Japan is one of the most magnificent countries in the world. It is full of interesting sights, architecture, and activities, but by far the best part of this island nation is its rich and unique cultural heritage, various aspects of which can be new and unique for travelers.
Unearthing these nuances of the Japanese culture can be a rewarding experience. Of course, there’s no substitute for individual travel adventure, but learning some of the things that make Japan special is invariably fun.
A list of unique Japanese facts could be endless, but we hope that our unique facts list will at least give you a peek of what tugs people around the world to this Nihon kingdom. At the same time, maybe you’ll realize a few uncanny things about this culture that you’d never contemplated before.
These 10 unique facts about the country are some of the most quirky and fascinating things about Japanese culture. Read on for an enlightening experience.
Few unique facts about Japan
1. The Japanese are known to wear masks to protect others
Long before COVID 19, we are familiar with images of Japanese people wearing masks in public places. Videos always show multiple people wearing face masks and walking. What most of us didn’t understand (before the pandemic) is why.
Japanese people are used to wearing masks to be polite to those around them. The masks prevented one from passing an infection to another person, so you can see why they have for a long time been popular in Japan, where the culture insists on having the well-being of others in mind before anything else.
2. In Japan, noisy slurping is a good thing
In India, slurping is rude. From a young age, we work hard to master the skills of not doing it, to eat quietly and politely. In Japan, the exact opposite is true. Slurping is considered polite and a compliment to the chef.
This is especially true when it comes to noodles and ramen. Ramen restaurants in Japan are really fast-paced. You usually place an order ahead of time, and by the time you sit down, a hot bowl of ramen is placed in front of you. Ideally, you’re supposed to start eating immediately, but the piping hot broth could easily burn your mouth. To avoid this, you have to slurp the noodles. You do it loudly and glance at the chef so he knows you’re enjoying your meal.
3. There are queues for everything
Nobody overtakes or breaks a queue in Japan! We are not saying that you have to spend more time waiting in Japan, just that waiting is a lot more organized. For example, instead of overtaking one another to order food at a takeaway restaurant or at the bar, customers form a sophisticated line to order items. You’ll also find a line of people waiting to be seated at restaurants or buying tickets for an event, even to use the Public restrooms. For long waits like going up into the Tokyo Tower, expect really well-organized and patient queues.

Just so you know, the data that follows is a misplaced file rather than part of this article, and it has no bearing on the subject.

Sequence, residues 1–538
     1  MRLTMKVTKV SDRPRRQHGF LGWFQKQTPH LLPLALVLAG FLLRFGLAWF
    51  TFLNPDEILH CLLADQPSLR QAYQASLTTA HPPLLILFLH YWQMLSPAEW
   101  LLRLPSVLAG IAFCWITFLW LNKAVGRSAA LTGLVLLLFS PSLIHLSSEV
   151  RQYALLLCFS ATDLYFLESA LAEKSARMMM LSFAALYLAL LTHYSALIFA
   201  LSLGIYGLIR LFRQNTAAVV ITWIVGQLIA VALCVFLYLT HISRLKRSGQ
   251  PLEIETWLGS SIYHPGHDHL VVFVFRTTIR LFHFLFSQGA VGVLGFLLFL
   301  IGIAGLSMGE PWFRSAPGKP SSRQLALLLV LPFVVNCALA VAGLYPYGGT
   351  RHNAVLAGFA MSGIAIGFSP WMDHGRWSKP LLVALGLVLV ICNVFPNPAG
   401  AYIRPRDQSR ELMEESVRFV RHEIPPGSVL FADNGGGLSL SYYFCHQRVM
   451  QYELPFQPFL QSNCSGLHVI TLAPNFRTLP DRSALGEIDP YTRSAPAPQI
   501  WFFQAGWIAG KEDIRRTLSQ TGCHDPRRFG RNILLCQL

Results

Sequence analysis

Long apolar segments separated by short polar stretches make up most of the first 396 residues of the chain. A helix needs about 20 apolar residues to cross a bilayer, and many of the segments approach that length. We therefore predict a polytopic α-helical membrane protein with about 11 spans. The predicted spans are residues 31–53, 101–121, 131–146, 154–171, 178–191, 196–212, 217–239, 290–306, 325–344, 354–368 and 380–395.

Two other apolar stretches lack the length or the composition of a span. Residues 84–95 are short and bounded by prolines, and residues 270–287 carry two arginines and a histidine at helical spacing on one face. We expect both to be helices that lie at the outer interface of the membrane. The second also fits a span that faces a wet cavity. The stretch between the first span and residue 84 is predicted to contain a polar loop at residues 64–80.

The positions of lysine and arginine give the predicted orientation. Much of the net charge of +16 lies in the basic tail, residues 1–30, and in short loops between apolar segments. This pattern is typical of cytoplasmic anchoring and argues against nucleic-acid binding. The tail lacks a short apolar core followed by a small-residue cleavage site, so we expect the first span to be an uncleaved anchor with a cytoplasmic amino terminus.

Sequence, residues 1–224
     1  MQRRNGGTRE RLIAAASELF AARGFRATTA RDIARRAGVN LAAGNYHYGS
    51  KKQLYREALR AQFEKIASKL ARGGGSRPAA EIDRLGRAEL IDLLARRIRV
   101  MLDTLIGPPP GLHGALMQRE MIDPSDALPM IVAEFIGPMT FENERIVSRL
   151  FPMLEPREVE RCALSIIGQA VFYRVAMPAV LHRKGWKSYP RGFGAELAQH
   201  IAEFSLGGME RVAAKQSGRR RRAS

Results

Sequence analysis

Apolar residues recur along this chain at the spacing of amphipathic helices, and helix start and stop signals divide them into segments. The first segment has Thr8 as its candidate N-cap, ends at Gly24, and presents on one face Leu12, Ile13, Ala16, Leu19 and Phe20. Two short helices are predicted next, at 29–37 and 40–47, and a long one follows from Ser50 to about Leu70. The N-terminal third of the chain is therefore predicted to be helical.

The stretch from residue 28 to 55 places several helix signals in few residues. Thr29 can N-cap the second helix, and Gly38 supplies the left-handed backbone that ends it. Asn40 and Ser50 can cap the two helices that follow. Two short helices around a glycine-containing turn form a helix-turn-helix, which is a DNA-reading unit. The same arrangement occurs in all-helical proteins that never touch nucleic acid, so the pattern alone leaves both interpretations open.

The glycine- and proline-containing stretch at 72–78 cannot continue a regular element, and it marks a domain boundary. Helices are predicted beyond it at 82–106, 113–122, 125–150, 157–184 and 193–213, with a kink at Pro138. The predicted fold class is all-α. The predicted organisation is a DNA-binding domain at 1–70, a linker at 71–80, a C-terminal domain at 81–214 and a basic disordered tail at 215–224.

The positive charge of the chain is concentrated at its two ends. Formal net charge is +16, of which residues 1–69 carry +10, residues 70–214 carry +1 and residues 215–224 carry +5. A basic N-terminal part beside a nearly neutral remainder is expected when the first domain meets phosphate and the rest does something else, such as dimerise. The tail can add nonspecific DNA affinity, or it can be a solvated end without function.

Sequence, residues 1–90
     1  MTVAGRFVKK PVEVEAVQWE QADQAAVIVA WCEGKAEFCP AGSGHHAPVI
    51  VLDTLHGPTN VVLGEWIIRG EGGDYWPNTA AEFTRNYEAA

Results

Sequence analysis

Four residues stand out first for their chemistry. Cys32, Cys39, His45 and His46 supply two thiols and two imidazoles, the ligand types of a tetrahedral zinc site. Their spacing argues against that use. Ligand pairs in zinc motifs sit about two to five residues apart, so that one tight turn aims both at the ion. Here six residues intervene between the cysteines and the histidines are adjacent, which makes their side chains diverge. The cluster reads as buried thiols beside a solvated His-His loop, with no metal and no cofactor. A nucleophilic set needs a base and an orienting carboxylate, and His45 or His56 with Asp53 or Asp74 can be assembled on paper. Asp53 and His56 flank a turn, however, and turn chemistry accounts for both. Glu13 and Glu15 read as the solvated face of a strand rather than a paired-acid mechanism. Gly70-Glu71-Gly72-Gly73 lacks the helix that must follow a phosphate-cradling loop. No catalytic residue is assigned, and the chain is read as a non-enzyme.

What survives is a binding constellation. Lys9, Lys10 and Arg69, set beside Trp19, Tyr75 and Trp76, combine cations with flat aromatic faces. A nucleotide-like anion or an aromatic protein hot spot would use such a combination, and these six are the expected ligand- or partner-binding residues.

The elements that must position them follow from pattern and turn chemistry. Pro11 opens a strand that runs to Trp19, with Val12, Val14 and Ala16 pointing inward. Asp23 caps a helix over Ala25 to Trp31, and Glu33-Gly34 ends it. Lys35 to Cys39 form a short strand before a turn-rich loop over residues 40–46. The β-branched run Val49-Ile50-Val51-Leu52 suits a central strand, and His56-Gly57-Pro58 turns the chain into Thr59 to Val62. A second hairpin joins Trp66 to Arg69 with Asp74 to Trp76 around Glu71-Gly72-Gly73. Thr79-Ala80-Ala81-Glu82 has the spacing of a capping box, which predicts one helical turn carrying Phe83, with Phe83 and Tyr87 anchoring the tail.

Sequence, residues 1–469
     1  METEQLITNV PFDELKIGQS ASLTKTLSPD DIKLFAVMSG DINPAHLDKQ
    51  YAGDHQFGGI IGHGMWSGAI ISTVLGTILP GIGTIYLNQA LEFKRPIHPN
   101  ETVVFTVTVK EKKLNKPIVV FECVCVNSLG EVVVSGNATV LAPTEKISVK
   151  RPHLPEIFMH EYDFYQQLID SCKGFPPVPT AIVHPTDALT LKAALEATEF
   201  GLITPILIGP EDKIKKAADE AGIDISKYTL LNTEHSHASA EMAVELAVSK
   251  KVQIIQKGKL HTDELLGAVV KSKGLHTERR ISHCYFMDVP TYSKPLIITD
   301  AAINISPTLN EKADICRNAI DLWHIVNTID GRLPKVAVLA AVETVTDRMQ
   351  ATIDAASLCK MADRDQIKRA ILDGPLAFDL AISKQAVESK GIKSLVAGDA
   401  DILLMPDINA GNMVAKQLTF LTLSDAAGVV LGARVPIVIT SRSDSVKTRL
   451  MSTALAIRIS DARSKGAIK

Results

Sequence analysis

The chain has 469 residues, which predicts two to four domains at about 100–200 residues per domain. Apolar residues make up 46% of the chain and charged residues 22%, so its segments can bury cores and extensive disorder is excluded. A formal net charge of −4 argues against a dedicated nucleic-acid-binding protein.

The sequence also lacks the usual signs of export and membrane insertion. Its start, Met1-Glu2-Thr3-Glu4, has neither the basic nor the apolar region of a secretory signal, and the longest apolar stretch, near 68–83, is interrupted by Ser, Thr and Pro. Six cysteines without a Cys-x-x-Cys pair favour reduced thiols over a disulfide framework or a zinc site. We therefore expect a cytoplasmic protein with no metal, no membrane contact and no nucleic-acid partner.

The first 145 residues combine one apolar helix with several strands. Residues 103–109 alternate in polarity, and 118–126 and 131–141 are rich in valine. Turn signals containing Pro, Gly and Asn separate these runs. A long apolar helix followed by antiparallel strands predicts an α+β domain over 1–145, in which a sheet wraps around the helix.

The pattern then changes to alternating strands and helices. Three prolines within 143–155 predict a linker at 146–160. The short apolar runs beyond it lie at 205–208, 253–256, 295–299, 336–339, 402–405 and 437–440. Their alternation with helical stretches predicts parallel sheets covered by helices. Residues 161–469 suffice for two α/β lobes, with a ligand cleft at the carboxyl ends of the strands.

4. Bowing is an important part of the Japanese culture
Bowing in situations is a famous Japanese cultural symbol and very recognizable around the world, quite similar to an Indian namaste. In Japan, this way of greeting is referred to as ojigi. This etiquette was formed around 800 years ago and is used in many situations from apology to salutation.
When performing ojigi, your back must be straight. The body should only bend at the waist. A bent back is considered rude because it seems lazy and therefore not sincere.
In business and social situations, the depth of a bow is equivalent to the respect it’s meant to convey. A bow is divided into three categories. A short bow is called eshaku and it is used in general greetings between colleagues. A medium bow, or keirei, is used to greet seniors or superiors. Finally, the deepest bow, saikeirei, is used to greet important people, apologize, or ask for large favors. There are even more kinds of bows, for religious ceremonies and other activities.
5. It’s impolite to walk and eat
For an Indian reader, this is not really unique. The Indian tendency to eat a vada-paw or bhutta (corn on the cob) while we walk or eat in public places is very normal. However, like many aspects of Japanese etiquette, this custom is frowned upon. While eating and walking are becoming increasingly common worldwide thanks to large food-chains offering attractive on-the-go food choices, in Japan, you will still receive strange looks. In fact, signs are often posted in local stores prohibiting you from walking while you eat the food you buy.